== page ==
By Rob Salmond*
As people will have seen, Labour has obtained real estate data, scrutinised and published by the New Zealand Herald, showing 39.5% of the Auckland houses sold went to people who appear to be ethnically Chinese. This is a large discrepancy from the 9% of the Auckland population who are ethnically Chinese.
Labour believes this analysis illustrates the large scale of foreign investment in the Auckland real estate market, particularly from China, pushing up prices and denying New Zealand families of any ethnicity the opportunity to own the roof over their heads.
Critics – including PA’s own Keith Ng – believe the data show nothing at all and argue Labour is showing racism or xenophobia.
I did the quantitative analysis for Labour on this, and I think critics are operating under some misconceptions.
First, and to get it out of the way, these data to not – repeat, not – 100% prove the residency status of any particular buyer. Everyone agrees on that.
But the standard for using data in policy debates has never been: “you’ve got 100% proof at an individual level, or you’ve got nothing.” If it were, then we would have nothing pretty much all the time. Opinion polls, for example, never prove anything at the individual level, but it’s quite the nihilist who says they don’t provide any helpful information.
As always, the aim is to reasonably know more today than we reasonably knew yesterday. We, collectively, triangulate on the truth.
So, what are the objections to what Labour did? There are two main alternative explanations offered for the statistics Labour uncovered:
- Resident ethnically Chinese Aucklanders buy much more property than members of other ethnic groups; or
- The data are biased.
Do Chinese Aucklanders just like buying houses?
Of course that is possible that 126,000 Chinese Aucklanders bought the 1500 or so houses in this data set. But it is plausible given these data?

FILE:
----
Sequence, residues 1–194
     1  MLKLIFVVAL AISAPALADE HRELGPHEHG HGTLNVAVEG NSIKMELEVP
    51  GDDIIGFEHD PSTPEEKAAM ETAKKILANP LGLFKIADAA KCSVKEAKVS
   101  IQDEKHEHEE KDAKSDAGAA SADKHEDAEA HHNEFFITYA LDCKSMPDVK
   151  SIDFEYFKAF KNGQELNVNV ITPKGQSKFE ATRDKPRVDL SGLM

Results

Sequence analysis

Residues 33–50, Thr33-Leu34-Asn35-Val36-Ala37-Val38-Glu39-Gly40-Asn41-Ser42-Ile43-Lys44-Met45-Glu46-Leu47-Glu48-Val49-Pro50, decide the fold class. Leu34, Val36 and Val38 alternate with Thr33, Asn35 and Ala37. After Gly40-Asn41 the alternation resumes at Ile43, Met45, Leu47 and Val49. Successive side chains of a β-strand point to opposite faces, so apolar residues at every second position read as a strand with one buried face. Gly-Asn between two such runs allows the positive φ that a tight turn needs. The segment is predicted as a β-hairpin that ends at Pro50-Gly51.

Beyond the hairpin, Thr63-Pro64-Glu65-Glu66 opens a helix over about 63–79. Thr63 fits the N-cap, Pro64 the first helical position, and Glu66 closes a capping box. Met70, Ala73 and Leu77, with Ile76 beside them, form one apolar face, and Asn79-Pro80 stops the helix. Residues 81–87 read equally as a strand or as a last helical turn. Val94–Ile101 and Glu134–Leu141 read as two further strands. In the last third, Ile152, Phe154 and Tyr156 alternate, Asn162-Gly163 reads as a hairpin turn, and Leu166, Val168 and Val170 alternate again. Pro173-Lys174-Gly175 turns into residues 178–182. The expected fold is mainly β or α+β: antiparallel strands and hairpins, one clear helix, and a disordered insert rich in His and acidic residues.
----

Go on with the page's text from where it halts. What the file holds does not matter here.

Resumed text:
First, Chinese Aucklanders tend to be young, and tend to have low incomes. While the ethnically Chinese population makes up 9% of Aucklanders, it makes up only 5% of Aucklanders on high incomes.
Second, the leaked data show that the ethnically Chinese house buyers tended to purchase flash houses. While ethnically Chinese buyers made up 39.5% of all sales, they made up over 49% of all sales worth over $1 million. That is another striking discrepancy.
This explanation now requires a small, relatively low income percentage of the population to be buying a very large percentage of the most expensive houses. At face value, that sounds unlikely.
Critics, however, believe this discrepancy can be explained because the Chinese population is growing strongly through immigration, meaning lots of people coming in with cash in hand due to the migration rules, and with the need to find somewhere to live, explaining disproportionate house buying.
Well, we have a good comparison case to test this idea: the ethnically Indian population in Auckland. It has 8% of the population, 6% of the high-earning population, and it is growing even more quickly than the ethnic Chinese population, including through immigration at similar rates. That means the Indian population is subject to similar dynamics of incoming capital for new residents, and has the same need to find new places to live.